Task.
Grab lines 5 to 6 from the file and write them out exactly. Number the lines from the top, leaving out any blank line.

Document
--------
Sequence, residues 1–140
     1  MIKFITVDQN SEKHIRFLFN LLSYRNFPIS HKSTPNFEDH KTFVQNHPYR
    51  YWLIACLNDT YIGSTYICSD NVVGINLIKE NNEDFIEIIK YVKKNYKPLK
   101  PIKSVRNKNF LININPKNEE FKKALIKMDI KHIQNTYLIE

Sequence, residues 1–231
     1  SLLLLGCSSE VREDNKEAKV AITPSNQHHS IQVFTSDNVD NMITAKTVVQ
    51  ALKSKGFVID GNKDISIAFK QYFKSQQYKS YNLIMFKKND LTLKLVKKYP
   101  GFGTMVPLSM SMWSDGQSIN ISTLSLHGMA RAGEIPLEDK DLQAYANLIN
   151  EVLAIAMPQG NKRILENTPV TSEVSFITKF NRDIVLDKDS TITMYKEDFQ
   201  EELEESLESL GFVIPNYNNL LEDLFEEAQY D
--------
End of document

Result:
Sequence, residues 1–231
     1  SLLLLGCSSE VREDNKEAKV AITPSNQHHS IQVFTSDNVD NMITAKTVVQ